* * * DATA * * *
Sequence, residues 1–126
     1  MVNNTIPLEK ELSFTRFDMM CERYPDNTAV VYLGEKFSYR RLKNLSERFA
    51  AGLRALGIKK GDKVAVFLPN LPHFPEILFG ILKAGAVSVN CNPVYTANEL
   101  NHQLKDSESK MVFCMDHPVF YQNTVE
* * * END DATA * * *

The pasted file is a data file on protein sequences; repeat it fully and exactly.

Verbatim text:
Sequence, residues 1–126
     1  MVNNTIPLEK ELSFTRFDMM CERYPDNTAV VYLGEKFSYR RLKNLSERFA
    51  AGLRALGIKK GDKVAVFLPN LPHFPEILFG ILKAGAVSVN CNPVYTANEL
   101  NHQLKDSESK MVFCMDHPVF YQNTVE